Sunday, October 11, 2015


Training the ANA - Not so Much. A recent visitor to Afghanistan provides us his views on how well the training program in Afghanistan is going.
"Yet the current training is aimed a bureaucrats more than warriors, revolving around administrative functions such as budgeting and planning rather than the best way to fire a rifle or mount an attack."
Read what David J. Lynch has to say in "Training Afghan soldiers is just not working", USA Today, October 5, 2015.

SFA and BPC Questioned. Phillip Carter, a former Army officer and a senior fellow at the Center for a New American Security provides us his thoughts on having foreign troops fight our wars. He takes a hard look at the recent Security Force Assistance (SFA) and Building Partnership Capacity (BPC) ventures in Iraq and Afghanistan and finds some areas where the effort was lacking. He cites a difference in interests, the complexity of U.S. weapons, and a lack of a will to fight among our surrogates. Read "Why foreign troops can't fight our fights", The Washington Post, October 2, 2015.

NUG, Bad Comms, & Bad Intel. The combination of a government mired in conflict (Ghani vs. Abdullah), bad communications across and up/down with MoI, MoD, Corps, Zones, etc., and bad intelligence is consistently setting up the Afghan National Defense and Security Forces (ANDSF) for failure. Read more in "The Plight of Afghanistan's Soldiers", The Diplomat, October 7, 2015.

"I Fought For Nothing". An infantryman remembers his tour in Afghanistan (2004-2005) and contemplates if it was worth it. Read "I fought for nothing: Staggering incompetence, egregious corruption & America's doomed war in Afghanistan", Salon, by John Rico, October 7, 2015.

Did HTS rationalize Pedophilia in Afghanistan? An HTS explanation of "Man-Boy Love Thursday" may have contributed to the U.S. looking the other way when confronted with "Bacha Bazi" events. Or so says two authors of a recent story about the HTS. Two anthropologists conveniently tie the recent story of the Special Forces NCO getting kicked out of the Army for assaulting an Afghan police officer who was raping a young Afghan to everything that was wrong with the Human Terrain System that provided cultural advice to the U.S. military in Afghanistan. While their writing may be convincing to some it looks to me as another opportunity to attack a very valuable program that provided great results in the Afghan COIN fight. Read their news story (but with a grain of salt) in Counterpunch, October 9, 2015.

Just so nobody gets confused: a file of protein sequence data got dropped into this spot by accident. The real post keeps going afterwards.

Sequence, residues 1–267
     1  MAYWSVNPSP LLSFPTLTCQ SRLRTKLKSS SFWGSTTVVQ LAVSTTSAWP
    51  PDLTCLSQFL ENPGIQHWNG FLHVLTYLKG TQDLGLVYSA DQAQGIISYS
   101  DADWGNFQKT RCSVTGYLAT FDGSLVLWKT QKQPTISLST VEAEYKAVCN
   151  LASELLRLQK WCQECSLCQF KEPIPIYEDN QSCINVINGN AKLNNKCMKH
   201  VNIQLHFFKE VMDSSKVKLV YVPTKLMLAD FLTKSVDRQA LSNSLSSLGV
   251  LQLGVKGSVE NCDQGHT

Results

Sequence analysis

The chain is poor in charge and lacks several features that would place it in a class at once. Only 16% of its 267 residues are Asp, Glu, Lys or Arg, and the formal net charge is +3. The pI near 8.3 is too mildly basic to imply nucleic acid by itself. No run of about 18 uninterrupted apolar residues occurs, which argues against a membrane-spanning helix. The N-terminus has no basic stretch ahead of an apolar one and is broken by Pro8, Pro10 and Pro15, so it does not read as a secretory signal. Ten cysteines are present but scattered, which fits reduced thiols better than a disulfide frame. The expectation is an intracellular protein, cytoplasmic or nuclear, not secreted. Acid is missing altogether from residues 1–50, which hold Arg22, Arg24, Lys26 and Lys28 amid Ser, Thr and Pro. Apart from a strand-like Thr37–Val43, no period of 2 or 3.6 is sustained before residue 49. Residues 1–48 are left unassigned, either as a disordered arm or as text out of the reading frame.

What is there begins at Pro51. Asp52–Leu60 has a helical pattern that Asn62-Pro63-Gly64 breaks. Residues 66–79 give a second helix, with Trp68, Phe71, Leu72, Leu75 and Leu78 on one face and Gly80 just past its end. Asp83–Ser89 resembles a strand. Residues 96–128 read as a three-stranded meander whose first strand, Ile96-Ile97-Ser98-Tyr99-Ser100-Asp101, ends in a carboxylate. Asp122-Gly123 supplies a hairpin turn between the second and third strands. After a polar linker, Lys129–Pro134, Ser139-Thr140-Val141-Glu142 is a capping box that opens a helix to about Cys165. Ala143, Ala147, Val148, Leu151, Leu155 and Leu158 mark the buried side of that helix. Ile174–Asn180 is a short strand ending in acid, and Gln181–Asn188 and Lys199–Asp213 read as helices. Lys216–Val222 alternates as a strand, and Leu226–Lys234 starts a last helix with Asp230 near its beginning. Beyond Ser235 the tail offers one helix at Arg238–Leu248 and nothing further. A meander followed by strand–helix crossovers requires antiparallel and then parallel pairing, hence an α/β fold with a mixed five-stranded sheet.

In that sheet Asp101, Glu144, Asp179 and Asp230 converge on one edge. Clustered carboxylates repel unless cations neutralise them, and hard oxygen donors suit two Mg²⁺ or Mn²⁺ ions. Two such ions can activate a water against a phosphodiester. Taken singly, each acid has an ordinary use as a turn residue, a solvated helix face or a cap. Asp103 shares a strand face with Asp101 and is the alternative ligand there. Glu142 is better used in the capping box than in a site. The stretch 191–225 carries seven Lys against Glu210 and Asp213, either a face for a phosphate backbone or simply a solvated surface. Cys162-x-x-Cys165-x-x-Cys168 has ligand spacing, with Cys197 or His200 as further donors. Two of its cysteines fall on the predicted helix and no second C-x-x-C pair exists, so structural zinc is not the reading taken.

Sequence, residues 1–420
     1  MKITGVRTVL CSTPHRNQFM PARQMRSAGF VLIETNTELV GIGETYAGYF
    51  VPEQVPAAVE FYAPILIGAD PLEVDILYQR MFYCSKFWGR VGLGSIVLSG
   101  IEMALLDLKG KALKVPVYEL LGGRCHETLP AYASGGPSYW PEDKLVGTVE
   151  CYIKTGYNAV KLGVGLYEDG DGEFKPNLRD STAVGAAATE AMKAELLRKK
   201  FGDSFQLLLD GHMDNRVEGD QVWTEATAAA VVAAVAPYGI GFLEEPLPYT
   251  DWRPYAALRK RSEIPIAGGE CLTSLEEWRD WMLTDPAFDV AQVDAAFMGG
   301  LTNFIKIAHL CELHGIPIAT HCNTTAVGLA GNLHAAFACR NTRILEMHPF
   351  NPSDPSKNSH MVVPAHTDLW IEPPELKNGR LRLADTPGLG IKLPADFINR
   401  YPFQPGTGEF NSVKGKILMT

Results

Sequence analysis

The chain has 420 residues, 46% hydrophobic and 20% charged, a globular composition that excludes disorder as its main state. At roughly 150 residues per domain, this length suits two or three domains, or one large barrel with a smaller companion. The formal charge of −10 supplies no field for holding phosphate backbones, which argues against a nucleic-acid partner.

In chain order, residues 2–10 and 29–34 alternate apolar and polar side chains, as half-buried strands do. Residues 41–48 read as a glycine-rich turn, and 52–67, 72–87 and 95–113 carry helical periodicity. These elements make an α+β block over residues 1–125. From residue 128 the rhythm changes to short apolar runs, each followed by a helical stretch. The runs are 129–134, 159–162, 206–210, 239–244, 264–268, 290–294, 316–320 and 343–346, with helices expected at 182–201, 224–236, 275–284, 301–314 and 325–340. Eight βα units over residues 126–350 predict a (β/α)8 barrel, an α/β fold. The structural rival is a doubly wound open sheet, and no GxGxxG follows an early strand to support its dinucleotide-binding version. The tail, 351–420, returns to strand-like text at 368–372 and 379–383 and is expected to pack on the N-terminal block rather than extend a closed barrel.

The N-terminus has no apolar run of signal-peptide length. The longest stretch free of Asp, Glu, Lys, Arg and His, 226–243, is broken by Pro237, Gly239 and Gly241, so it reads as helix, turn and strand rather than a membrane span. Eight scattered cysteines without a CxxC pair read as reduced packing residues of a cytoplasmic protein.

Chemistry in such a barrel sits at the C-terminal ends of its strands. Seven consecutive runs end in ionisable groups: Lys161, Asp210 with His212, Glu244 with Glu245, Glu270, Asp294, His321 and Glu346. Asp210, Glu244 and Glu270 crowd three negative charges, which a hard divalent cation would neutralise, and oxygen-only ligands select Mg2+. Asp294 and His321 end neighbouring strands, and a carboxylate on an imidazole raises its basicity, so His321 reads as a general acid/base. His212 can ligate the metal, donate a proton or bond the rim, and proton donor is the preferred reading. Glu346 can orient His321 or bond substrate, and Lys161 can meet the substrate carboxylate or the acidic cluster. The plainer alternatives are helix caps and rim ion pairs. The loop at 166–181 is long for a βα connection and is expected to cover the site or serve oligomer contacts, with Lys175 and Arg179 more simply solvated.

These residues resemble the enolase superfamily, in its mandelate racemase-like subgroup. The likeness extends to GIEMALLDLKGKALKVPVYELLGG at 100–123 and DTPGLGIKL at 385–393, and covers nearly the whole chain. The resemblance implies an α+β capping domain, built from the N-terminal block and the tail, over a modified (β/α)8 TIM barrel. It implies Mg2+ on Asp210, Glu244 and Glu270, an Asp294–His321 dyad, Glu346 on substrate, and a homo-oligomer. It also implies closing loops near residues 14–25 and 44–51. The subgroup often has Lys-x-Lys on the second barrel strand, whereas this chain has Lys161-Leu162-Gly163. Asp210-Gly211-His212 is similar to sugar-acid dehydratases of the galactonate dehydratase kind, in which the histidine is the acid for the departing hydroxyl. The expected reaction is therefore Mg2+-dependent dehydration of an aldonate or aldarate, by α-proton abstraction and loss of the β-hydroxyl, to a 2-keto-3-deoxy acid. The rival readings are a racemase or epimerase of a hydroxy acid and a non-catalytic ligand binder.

Pakistan - Aiding the Taliban . . . Still. If you want to solve the problem of the insurgency in Afghanistan then you must look east to Pakistan. So says Fareed Zakaria - an opinion writer for The Washington Post and also commentator on several other media enterprises. The bottom line is that very few insurgencies are defeated if they have a cross-boarder sanctuary and a powerful patron (that would be Pakistan and Pakistan). Read his article "The key to solving the puzzle of Afghanistan is Pakistan", The Washington Post, October 8, 2015.

Paper Plans and Reality on the Ground. The battle for Kunduz exposed the strategy for the defense of Afghanistan as paper thin. Despite air power, advisors, and intelligence support from the U.S. (and NATO, of course) the Taliban were still able to take a provincial capital and hold it for a number of days. This problem of containing the Taliban goes beyond the development of the Afghan National Defense and Security Forces (ANDSF) into a professional counterinsurgency force. It has a lot more to do with eradicating the senior ANDSF leadership of corrupt officers. Read more in "Is Kunduz the Beginning of the End for Afghanistan?", by Emile Simpson, Politico, October 4, 2015.

Prospects of Success in Afghanistan? Not so Much. One observer, Patrick Skinner, has a pessimistic view of the situation in Afghanistan. Read "What Endures From Operation Enduring Freedom", The Cipher Brief, October 8, 2015.

Ignatius on Afghanistan. David Ignatius provides us with his opinion of the current state of affairs in Afghanistan and Pakistan in "The U.S. cannot afford to forget Afghanistan and Pakistan", The Washington Post, October 6, 2015.

No comments:

Post a Comment

Note: Only a member of this blog may post a comment.